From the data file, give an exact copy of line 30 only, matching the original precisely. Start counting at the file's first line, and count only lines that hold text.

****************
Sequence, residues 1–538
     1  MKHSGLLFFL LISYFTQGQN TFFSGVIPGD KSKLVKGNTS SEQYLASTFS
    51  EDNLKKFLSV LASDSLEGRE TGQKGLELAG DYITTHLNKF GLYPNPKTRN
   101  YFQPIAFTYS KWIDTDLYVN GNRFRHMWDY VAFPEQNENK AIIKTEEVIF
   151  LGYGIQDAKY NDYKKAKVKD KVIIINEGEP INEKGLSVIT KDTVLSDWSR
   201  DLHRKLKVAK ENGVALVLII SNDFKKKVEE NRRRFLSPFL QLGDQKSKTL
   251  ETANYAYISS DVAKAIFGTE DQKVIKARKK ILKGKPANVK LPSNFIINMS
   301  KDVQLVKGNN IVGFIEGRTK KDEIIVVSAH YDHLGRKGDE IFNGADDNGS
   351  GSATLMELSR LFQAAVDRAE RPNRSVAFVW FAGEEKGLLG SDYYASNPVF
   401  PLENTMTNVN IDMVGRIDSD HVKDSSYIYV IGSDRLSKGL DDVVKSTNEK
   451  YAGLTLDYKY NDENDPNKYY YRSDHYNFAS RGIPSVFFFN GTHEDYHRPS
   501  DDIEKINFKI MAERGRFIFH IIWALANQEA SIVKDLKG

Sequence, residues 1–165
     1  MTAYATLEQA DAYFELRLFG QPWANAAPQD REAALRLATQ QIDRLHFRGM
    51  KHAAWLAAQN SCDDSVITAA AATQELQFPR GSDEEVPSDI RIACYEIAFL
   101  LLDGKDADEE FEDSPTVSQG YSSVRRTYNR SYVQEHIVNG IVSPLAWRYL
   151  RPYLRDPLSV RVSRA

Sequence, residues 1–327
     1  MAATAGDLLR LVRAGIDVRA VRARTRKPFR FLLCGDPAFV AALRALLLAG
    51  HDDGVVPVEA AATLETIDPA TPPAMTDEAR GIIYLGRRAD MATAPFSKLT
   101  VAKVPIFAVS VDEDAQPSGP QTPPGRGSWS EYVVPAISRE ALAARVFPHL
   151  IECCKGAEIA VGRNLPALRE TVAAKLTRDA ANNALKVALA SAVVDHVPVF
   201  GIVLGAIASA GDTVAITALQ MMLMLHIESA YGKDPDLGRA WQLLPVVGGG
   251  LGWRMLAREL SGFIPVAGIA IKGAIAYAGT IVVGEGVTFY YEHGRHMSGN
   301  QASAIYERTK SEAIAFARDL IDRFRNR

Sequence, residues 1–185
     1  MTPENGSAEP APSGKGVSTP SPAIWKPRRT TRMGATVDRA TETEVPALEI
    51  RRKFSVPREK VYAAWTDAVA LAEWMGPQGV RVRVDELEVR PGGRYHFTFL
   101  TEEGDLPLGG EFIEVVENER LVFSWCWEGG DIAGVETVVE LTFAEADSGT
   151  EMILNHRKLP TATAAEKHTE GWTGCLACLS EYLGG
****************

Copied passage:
   151  EMILNHRKLP TATAAEKHTE GWTGCLACLS EYLGG